Competency to contract is one of the essentials for a valid contract as given under section 10 of the Indian Contract Act, 1872. According to section 11 of the Contract Act, every person is competent to contract who is a major (18 years and above), is of sound mind and is not disqualified from contracting by any law to which he is subjected.
Following persons are considered incompetent to contract:
1. A person who has not attained majority, i.e. minor.
2. A person who is of unsound mind.
3. A person who is otherwise disqualified from making a contract under law.
Who Is Minor
Minor is a person who has not yet attained majority. According to the Indian Majority Act, 1875, the person is deemed to attain majority when he completes 18 years of age.
Agreement by Minor.
Indian Contract Act is silent on the consequence of an agreement by a minor. Therefore, English law was followed till 1902, and a contract with a minor was voidable. Later in Mohori Bibi vs Dharmodas Ghose (1903), it was held that the minor’s agreement is void-ab-initio (void from the beginning).
Ratification of Agreement With Minor.
An agreement with a minor being void is incapable of being validated by ratification when the minor attains majority. As what cannot be done directly cannot be done indirectly. So, ratification would not make an agreement by minor valid.
In Suraj Narain vs Sukhu Abeer (1928), it was held that a minor cannot ratify acts done on his behalf after he becomes major.
No Estoppel Against Minor.
In the light of various judgements, it was held that the law of estoppel doesn’t apply against a minor.
In Vaikuntrama Pillai vs Authimoolam Chettiar (1915), the court held that a minor being incompetent to contract is incapable of incurring liability for any debt. The same view was confirmed in Gadigeppa vs Balangowda (1931).
Restitution in Minor’s Agreement.
As sections 64 and 65 Indian Contract Act is applicable when the parties are competent to contract. Hence neither section 64 nor section 65 of the Contract Act provides for restitution in an agreement with a minor.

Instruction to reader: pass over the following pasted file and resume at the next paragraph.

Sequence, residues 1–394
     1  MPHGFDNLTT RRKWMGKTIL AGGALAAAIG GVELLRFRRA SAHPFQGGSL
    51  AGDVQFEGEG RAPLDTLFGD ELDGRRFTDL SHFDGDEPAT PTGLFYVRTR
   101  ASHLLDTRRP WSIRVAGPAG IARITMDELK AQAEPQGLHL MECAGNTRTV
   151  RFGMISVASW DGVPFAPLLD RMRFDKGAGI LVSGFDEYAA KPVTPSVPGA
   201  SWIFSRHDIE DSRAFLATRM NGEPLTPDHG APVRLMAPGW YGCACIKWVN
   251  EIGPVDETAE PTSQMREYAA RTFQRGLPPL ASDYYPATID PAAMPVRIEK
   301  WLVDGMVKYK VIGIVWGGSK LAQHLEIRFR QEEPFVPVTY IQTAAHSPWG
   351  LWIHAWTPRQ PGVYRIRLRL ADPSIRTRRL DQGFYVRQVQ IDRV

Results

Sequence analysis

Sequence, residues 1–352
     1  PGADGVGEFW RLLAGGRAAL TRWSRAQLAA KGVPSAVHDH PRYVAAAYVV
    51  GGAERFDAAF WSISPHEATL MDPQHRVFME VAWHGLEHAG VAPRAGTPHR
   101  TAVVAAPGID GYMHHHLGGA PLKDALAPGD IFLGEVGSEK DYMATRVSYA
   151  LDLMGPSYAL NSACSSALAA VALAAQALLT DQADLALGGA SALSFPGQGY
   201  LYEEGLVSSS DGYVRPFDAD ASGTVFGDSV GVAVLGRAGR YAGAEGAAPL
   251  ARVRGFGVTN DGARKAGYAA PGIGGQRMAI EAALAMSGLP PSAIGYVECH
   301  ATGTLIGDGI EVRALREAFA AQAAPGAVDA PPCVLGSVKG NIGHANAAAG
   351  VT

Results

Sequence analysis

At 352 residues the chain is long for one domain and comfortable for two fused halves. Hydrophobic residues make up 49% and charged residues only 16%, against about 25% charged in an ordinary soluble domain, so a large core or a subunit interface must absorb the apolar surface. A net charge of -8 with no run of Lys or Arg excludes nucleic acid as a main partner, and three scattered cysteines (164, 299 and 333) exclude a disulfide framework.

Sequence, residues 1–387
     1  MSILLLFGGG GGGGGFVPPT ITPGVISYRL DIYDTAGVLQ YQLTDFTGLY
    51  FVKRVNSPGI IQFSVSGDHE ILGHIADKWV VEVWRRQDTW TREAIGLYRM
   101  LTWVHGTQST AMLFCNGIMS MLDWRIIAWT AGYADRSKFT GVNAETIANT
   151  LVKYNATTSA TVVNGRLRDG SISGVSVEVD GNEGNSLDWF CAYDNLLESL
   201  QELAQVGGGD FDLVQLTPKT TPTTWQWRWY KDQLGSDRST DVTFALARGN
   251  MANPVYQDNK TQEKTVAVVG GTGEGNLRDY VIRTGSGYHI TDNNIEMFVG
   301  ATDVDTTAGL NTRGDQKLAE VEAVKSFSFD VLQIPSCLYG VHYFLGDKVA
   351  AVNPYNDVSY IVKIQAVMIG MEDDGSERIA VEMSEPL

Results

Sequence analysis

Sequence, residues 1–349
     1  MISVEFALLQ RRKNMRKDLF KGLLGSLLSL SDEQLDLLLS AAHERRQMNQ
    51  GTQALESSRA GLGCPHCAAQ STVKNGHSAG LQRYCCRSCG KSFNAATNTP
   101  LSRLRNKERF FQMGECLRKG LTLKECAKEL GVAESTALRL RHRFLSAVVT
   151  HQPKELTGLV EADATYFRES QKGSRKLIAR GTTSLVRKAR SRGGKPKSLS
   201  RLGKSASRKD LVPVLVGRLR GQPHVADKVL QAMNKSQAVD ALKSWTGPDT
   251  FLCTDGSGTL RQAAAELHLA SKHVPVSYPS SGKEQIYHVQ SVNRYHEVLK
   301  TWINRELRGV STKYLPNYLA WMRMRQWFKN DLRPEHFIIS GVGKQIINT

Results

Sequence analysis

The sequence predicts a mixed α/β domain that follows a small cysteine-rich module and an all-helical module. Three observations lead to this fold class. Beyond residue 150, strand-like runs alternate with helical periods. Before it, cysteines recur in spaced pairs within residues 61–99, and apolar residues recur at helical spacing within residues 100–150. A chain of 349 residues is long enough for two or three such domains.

However, section 33 of the Specific Relief Act allows restitution in an agreement with a minor but at the court’s discretion. Section 33 of the Specific Relief Act deals with power to require benefit to be restored or compensation to be made when an instrument is cancelled or is successfully resisted as being void or voidable.
Person of Unsound Mind
According to section 12 of the Indian Contract Act, a person will be held to be of sound mind if for the contract:
1. He is capable of understanding the contract.
2. He is capable to form a rational judgement.
The soundness of mind is required at the time of making a contract. A person who is usually of unsound mind can make a contract during intervals when he is of sound mind.
The mental condition at the time of making the contract will be taken into consideration. The mental condition before or after making the contract is immaterial.
In Indar Singh vs Parmeshwardhari Singh, the court held that an agreement by the unsound mind is void.
The Gauhati HC held in Jyotindra Bhattacharjee vs Mrs Sona Balon Bora that the onus to prove the fact of unsoundness of mind was always on the person who alleged such state of mind.
Person Disqualified by Law
If a person is disqualified by law, he is not competent to contract. These are the categories of people who are disqualified under the law:
- An insolvent.
- An enemy national.
- A company is disqualified from entering into any contract which falls outside the object clause of the memorandum.
- Sovereigns and ambassadors from abroad.
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